Benefits

Why Join Carolina Motorcycle Cooperative?
*Annually, up to 100 miles of free towing and hauling when your bike breaks down or a trailer you could use for only a 100% refundable security deposit. *Free tools to use when working on your motorcycles. *A free place to work on your bike, where you could use a lift and other special tools. *Hang out with folks that like working on bikes almost as much as riding them. *Free help with working on your bike. *Discounted parts and accessories. More membership benefits

Thursday

What About Another Way?

When Paul, Steve and I first embarked upon the idea of a motorcycle cooperative it was more along the lines of the way gyms sell memberships and members get to use the gym while the owners of the gym rake in all the profits. Not that there's really anything wrong with that-- the owners also bear most of the risk-- but that just didn't feel like what we were wanting to do.

Most recently we've been talking non profit organization but while non-profits have some advantages being a non profit ties your hands and makes you always depend on others for your very survival. And frankly, we don't cotton to being tied or just surviving.

That's why I'm writing about a different way tonight. Instead of a small partnership that sells memberships or a non profit, we are considering the possibility that the Carolina Motorcycle Cooperative Association might be formed as a member owned corporation. Now that might mean a 3rd name change before we even open the doors. I'll explain as best I can.

In the beginning we used the name, Carolina Motorcycle Cooperative. But as I soon learned the word, "cooperative" comes with some very sticky meanings and a lot of legalese that I'm not sure I fully understand. So when we started thinking non profit I added "association" as associations are allowed to handle up to $25,000 per year in gross receipts without being registered as long as their goal remains to become a 501 3c non profit at some point in the future. At least, that's how I understand the law to read. Being that we've handled exactly $0.oo in gross receipts thus far I think we're in the clear no matter if I'm right or wrong.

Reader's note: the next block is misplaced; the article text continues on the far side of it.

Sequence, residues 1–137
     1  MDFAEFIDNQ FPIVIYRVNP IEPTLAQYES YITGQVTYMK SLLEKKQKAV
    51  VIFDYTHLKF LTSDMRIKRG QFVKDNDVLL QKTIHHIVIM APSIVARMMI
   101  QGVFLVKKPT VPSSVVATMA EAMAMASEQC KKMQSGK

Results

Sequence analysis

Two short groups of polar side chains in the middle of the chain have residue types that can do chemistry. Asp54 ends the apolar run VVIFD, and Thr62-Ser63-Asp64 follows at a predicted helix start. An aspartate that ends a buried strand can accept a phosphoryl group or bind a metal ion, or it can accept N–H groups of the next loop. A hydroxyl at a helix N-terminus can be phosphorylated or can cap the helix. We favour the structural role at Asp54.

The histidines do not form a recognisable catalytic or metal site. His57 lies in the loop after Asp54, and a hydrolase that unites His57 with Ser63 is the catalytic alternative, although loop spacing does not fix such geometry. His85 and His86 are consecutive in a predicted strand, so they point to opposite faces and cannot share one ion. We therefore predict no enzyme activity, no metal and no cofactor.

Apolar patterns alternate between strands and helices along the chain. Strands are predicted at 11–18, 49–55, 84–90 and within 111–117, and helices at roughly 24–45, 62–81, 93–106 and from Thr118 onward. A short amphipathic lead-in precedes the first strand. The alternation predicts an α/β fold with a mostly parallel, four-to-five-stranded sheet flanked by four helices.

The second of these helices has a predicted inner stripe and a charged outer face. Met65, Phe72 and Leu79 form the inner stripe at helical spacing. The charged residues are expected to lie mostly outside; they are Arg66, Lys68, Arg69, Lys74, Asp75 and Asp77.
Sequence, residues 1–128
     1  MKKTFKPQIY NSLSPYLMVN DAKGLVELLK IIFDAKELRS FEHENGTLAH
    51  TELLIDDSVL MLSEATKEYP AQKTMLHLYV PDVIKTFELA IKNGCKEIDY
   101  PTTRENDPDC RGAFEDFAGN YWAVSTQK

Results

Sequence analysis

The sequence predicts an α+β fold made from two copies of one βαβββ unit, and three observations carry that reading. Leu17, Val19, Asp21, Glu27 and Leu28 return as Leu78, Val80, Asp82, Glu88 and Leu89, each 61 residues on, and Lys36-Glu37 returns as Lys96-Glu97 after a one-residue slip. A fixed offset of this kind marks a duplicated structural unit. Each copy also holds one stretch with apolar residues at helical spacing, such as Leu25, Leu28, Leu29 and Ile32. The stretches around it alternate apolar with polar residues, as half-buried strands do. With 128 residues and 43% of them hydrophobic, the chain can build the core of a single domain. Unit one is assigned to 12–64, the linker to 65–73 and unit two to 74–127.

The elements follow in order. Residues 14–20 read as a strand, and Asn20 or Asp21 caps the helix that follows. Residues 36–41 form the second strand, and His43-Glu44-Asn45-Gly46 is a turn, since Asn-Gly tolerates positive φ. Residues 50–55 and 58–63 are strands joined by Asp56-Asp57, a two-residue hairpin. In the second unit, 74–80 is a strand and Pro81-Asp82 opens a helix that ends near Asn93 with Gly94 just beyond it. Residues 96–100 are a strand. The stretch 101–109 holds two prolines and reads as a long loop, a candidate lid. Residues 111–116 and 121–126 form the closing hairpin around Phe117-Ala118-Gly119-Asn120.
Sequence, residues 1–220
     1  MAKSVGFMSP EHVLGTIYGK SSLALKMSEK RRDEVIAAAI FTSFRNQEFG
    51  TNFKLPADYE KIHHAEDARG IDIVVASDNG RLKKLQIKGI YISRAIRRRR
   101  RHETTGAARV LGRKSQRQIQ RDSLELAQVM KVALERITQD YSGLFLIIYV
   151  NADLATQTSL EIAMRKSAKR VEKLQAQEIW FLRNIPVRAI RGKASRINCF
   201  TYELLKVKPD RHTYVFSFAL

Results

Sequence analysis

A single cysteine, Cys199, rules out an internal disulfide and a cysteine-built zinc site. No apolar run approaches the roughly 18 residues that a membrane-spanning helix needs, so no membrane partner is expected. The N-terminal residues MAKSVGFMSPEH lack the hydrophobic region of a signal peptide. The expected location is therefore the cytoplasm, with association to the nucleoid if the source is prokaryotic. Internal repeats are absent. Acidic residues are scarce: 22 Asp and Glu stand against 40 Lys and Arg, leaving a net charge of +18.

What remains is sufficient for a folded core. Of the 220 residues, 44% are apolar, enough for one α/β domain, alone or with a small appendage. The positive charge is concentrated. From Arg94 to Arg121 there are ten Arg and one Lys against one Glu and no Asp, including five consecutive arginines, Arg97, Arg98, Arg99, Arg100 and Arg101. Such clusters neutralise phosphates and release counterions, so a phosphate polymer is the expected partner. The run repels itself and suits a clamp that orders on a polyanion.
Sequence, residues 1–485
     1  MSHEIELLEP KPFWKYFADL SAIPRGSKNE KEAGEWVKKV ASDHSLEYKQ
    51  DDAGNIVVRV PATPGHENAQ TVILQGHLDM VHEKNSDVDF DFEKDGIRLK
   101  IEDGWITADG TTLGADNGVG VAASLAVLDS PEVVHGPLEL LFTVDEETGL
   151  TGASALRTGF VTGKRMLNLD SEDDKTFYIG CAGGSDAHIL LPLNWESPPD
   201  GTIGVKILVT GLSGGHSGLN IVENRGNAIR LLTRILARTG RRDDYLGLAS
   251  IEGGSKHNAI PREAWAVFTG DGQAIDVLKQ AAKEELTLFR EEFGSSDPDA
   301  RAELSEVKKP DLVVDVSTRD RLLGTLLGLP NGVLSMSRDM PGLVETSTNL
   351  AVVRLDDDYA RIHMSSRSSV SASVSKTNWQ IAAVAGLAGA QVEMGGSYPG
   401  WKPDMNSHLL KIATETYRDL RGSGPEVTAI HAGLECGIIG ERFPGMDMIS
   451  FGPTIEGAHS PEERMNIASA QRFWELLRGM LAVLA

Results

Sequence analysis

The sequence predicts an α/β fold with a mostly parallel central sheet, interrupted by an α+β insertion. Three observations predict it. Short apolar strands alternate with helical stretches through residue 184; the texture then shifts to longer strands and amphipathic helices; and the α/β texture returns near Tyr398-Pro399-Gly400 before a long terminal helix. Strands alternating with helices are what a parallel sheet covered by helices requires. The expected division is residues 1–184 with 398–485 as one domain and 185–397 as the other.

As it turns out, most of the ventures into this new way of doing business are private for profit ventures and they don't use the word, "cooperative." Instead, they describe themselves as "collectives" which apparently doesn't have as strict a legal definition as "cooperative" even though you and I probably use both words to mean pretty much the same thing. So in the end, I suspect we'll end up renaming ourselves the Carolina Motorcycle Collective.

But, like everything else, nothing is set in stone until it is.

Back to forming a member owned corporation. If we were to do such a thing, a membership would not only entitle you to regular membership benefits but to stock in the company and some sort of voting rights. Exactly what I don't know because a board has to be established to work that out and lawyers are needed to work out the legalese I can't write.

There's also one more problem that's turned out to be far bigger that we ever imagined. We were hoping to price memberships at $100 per year but it appears that insurance is going to exceed $4,500 per year and that must be paid before we can open the doors. Or, at least a hefty down payment. That means we need 45 plus members to start and that still doesn't give us gas money to come pick up a broken down bike or pay the power bill in the shop.

We'll be rethinking our plans.

So tomorrow I do something I didn't want to do. I go back to working a full-time job that has nothing to do with motorcycles. Well, almost nothing. I wanted to wait and work full time for CMC but money is running out and life is what it is. But that doesn't mean we're giving up. By going the corporation route we can create reasons even those who don't own motorcycles might want to invest in CMC. But if that's not the route our members want to take then we'll rethink it again.

If you'd like to sign up for the Carolina Motorcycle Cooperative Newsletter or whatever name we end up using... Well, that was the link.

As for the building? Still waiting on the electrical inspectors.

2 comments:

  1. Why yes, all the Governors and Presidential candidates and local mayors and elected officials speak loudly about helping small business and entrepeneur's stay open or get open, but in reality they make it harder than ever to do so. They go out of their way to crush the spirit. Maybe we should ask for an incentive package like the big corps do and watch the money be flung at us.

    ReplyDelete
  2. If we only knew who to bribe... ah... I mean, ah... ask.

    ReplyDelete

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